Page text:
An individual can reduce water consumption by using water-efficient systems like sinks, faucets and toilets, as well as through conscious effort to avoid wastage during activities like sanitation and cooking.

A community can reduce water consumption by enforcing rules to control how water resources are allocated, as well as by installing reliable and efficient water management infrastructure.

As earlier mentioned, reduction of consumption can be viewed as the primary aspect of water conservation. It is closely linked to other conservation techniques like extensive storage, flow control and integrated management.

The benefits of reducing the rate at which water resources are consumed, can be evaluated from various perspectives including the optimization of energy resources by energy conservation and improved energy efficiency.






3). Integrated Regional Management (as one of the Techniques of Water Conservation)

Integrated regional water management (IRWM) is a strategy whereby various stakeholders at the community level, combine efforts and resources to develop and implement strategies for the conservation and sustainable use of water within a given region.

It can be viewed as a collaborative combination of water conservation and management, in a bid to protect water resources and achieve benefits at the community or municipal level.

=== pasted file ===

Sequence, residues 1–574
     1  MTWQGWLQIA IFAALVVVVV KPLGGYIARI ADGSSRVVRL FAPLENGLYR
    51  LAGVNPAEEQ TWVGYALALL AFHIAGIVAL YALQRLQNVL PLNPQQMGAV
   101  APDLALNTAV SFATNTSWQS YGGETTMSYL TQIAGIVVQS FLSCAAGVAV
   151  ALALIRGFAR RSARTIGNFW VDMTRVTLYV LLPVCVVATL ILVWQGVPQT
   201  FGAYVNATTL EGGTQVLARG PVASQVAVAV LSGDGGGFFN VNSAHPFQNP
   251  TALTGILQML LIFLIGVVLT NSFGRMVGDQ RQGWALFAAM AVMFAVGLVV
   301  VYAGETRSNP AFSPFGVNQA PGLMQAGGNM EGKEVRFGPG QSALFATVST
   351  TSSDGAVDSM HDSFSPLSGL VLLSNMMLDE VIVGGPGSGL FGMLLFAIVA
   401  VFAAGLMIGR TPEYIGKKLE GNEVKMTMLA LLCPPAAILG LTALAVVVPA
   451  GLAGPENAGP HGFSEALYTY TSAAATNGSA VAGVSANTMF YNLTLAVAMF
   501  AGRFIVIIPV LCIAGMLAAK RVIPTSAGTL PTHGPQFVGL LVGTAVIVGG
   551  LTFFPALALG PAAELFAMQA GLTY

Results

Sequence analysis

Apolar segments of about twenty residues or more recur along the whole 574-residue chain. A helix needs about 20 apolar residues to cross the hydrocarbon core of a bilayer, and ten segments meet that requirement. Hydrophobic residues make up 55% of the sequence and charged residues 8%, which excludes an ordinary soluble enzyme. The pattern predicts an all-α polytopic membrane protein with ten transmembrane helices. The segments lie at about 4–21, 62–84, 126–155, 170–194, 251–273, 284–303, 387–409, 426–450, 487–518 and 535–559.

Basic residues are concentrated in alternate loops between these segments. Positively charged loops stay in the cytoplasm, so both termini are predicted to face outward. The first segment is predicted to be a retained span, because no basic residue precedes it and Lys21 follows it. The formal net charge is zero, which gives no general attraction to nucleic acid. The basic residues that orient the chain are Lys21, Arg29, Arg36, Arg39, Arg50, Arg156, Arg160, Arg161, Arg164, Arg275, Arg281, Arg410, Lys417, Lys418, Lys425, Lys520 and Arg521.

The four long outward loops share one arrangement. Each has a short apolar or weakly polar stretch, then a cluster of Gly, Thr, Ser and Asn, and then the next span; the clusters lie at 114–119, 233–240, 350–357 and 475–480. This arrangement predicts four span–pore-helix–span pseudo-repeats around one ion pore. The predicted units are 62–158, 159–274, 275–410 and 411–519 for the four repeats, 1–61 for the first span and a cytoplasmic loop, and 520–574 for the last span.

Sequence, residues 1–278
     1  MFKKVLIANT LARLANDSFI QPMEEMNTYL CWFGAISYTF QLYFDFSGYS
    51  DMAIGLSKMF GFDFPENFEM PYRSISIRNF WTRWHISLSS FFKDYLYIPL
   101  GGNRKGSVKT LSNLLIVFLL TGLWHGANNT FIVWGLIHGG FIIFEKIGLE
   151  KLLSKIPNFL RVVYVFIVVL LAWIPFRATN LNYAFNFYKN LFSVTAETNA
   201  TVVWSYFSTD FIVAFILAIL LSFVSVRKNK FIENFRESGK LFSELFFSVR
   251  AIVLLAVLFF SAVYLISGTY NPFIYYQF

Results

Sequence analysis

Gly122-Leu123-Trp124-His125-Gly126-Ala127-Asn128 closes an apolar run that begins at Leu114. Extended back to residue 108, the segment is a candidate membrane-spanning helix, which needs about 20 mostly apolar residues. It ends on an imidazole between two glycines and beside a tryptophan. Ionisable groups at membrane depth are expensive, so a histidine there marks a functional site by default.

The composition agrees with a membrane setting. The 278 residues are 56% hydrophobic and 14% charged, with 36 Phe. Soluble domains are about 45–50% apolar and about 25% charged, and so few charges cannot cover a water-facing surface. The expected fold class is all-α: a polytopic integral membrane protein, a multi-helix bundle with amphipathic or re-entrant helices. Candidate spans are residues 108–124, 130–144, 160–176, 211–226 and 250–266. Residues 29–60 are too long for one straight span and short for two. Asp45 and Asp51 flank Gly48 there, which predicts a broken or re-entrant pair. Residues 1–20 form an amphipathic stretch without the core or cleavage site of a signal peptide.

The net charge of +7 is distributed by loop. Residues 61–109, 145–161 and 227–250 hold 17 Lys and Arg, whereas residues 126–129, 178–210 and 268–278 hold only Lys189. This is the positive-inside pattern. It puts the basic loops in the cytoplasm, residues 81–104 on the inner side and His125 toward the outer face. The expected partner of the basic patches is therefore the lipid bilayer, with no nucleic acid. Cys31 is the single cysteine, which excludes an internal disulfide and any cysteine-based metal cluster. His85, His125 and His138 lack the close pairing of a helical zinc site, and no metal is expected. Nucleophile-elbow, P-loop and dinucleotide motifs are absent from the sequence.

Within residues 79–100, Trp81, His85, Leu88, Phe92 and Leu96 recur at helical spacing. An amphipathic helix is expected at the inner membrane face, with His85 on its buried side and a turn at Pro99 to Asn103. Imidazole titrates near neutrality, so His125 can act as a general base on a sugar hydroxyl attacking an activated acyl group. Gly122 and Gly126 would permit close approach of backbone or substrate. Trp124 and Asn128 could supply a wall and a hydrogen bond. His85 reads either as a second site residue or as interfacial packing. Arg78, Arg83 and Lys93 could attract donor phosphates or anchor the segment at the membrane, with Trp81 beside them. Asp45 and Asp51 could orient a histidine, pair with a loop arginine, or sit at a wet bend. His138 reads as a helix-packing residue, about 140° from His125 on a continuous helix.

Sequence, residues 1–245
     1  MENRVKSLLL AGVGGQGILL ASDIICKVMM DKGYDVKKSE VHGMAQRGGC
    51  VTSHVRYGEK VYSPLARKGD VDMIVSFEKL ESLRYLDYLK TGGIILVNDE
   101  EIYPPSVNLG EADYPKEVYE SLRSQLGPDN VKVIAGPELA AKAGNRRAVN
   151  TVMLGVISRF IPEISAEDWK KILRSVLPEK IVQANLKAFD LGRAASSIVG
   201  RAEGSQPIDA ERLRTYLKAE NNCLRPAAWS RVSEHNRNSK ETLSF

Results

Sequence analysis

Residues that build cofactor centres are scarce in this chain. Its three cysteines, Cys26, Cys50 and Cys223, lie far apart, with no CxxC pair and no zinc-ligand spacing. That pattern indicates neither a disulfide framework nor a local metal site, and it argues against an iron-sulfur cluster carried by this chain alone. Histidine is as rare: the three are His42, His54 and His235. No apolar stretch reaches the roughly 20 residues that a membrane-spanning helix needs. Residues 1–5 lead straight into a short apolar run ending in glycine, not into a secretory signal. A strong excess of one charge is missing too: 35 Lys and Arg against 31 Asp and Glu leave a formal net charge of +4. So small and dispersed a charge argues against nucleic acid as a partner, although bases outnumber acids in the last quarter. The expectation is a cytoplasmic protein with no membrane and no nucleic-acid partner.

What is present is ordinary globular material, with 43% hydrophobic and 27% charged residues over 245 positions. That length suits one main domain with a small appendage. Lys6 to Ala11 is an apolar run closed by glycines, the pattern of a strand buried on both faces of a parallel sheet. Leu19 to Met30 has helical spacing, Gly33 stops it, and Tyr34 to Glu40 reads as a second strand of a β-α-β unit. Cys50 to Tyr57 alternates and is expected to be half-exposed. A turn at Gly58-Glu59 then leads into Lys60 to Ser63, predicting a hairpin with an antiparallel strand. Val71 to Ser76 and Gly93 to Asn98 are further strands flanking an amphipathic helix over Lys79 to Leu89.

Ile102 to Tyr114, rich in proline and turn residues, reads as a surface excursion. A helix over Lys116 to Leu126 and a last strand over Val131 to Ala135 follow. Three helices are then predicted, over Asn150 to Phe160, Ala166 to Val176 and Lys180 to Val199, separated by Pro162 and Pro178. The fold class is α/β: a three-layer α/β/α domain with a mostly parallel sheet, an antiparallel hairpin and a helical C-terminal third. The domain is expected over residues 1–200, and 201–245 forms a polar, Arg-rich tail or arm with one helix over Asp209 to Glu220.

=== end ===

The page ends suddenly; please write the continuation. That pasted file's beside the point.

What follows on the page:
The role of the government in water conservation and management is one of policy development and enforcement. These policies are usually based on the collective capacity and input of all parties involved, which includes other stakeholders, and the general public.

Policies in integrated regional water management are usually aligned with the goals of sustainable development, which generally involve ensuring that resources are sufficiently available to future generations [2].

Integrated regional management of water resources is a highly effective technique of water conservation when it is properly implemented, and can be used to target regional problems like food insecurity [1].






4). Flow-Control

Water flow control or regulation is any method, technique or device whose primary function is to control the rate and/or direction of flow of water.

The purpose of flow control is to improve the efficiency or productivity of hydrological systems by altering water flow to suit specific requirements.